SCBWI-MI Fall Writers Conference, Pt 5

(Two conference speaker summaries today; I happened to have invited both these ladies to the conference.)

Speaker One: On Sunday, October 10, I participated in (listened in on) a group critique time with Tor Senior Editor Susan Chang. She chose five story outlines from the participants and gave each a fifteen minute critique about what worked and what didn’t. Here are the highlights from the five stories. The opening pages need to have action. Every chapter has something moving the plot forward or building the character arc. With more than one plots, each one must escalate the rising arc. A strong story foundation is needed. Shaky or thin plot problems collapse the story. Determine what your foundation is, and then if it is strong or weak. Make your characters believable, and make sure there are links between cause and affect, i.e., why is the character acting like this? Susan mentioned that showing while writing (v.s. telling) makes it more like a movie, and this is a good thing. She recommended the book MAKING GOOD SCRIPTS GREAT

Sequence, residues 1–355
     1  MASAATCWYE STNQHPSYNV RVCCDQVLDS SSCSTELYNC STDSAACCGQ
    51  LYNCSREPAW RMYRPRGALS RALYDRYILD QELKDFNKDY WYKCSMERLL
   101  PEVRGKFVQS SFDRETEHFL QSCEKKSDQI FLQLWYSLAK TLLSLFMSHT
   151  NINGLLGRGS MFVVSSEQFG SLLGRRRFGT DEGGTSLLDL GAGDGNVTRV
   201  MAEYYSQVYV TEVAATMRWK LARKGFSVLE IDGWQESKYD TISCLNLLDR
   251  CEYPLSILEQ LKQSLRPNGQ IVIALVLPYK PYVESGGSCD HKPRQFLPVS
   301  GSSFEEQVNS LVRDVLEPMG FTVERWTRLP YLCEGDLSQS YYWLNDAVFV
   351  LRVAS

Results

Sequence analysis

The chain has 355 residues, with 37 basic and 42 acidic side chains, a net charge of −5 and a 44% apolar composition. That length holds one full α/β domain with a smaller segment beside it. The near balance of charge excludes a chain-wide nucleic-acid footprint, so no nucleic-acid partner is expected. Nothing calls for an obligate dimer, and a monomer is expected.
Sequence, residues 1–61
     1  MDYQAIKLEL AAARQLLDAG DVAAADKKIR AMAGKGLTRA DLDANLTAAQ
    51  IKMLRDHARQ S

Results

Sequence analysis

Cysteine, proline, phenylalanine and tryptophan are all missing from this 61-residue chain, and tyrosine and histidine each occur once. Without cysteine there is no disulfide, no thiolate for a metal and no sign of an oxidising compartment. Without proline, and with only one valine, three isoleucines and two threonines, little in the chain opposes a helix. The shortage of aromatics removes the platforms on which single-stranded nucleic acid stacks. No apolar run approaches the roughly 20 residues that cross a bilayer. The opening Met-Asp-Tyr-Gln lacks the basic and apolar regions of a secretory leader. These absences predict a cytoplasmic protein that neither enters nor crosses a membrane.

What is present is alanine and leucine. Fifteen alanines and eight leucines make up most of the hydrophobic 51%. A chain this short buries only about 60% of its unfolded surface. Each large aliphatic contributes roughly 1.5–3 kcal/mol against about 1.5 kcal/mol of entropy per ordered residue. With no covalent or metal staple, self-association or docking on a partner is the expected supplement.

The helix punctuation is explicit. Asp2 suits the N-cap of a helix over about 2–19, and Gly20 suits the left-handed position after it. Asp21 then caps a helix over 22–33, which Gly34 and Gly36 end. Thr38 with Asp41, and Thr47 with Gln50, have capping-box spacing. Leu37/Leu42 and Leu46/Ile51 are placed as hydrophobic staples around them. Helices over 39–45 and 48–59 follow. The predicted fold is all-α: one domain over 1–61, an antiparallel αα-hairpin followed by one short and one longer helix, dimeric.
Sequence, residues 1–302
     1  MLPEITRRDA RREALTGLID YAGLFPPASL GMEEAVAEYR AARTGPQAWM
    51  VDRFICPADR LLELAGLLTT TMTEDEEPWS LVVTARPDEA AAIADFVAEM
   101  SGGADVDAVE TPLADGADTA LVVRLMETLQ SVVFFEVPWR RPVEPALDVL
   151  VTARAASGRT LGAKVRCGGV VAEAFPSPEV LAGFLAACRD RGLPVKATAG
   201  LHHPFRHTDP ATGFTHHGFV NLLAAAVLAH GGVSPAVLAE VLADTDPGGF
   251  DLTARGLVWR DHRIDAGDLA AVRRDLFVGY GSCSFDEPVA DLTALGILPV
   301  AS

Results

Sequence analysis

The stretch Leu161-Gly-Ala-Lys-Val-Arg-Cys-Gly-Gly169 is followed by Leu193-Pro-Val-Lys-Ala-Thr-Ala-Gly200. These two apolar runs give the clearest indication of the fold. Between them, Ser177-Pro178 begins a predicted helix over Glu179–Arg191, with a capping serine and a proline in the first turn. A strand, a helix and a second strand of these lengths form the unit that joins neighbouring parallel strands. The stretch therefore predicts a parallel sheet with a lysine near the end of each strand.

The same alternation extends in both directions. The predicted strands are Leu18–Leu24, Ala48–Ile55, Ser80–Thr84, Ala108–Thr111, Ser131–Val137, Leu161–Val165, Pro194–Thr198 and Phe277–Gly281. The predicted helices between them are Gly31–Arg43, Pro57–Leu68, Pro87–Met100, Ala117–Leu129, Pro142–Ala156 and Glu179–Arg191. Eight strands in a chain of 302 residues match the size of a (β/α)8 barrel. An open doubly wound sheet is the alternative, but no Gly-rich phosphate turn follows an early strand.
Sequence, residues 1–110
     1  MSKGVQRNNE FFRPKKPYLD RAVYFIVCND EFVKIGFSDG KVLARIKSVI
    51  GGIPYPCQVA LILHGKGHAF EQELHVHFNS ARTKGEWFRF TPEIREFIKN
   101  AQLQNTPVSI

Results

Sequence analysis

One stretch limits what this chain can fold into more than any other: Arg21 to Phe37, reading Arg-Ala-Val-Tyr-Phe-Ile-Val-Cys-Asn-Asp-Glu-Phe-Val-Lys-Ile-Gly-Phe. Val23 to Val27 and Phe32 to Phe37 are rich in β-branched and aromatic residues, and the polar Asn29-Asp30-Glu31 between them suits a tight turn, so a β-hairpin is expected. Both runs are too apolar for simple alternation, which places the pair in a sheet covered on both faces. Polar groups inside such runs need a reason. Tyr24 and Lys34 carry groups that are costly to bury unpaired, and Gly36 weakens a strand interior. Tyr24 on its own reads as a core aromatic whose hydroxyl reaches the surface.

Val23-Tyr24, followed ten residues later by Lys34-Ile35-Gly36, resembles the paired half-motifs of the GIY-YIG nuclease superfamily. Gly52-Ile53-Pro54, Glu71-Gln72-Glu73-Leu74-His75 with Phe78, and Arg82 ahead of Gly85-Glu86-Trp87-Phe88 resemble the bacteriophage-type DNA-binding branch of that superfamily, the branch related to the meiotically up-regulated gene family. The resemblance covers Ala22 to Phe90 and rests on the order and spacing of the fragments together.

Speaker Two: Amy Lennex, Senior Editor with Sleeping Bear Press in Michigan, spoke about who and what Sleeping Bear Press is, and things they publish. Amy shared with the group the publishing process. After the writer writes a story, and it goes through the revision process to become polished, an editor must love it. The editor takes the manuscript to the editorial group, and they must love it. It then goes to Acquisitions, and they must love it. A projected positive profit and loss statement is developed to determine if accepting this manuscript is a good investment or not. If it is, then a contract is issued, and the story is put on a pub schedule. The last step before publication, is the search for an illustrator. They listen to what booksellers have to say. What age group is this book written for? Will adults as well as children like this book? Is there a need for this subject matter, or has it been done before? Will this book have media attention? (i.e., is it timely?) Amy gave the example of FIRST DOG, which was written before President Obama gave a dog to his girls. The story was written, but since the illustrator didn’t know what kind of dog it was going to be, he left a blank doggie shape on each page, to be “revised” as soon as the dog type was known. Advice from Sleeping Bear Press authors: Love your book and promote it. Love words. Enjoy the process, and write every day. Those who attended the conference were given two colored stickies, one for each editor. It is to go on their submission envelope. Although Tor is open to submissions, Sleeping Bear Press is not. By attending the conference, attendees got a “free look” pass for their manuscript to be looked at by Sleeping Bear. I used up one of my colored stickies already.

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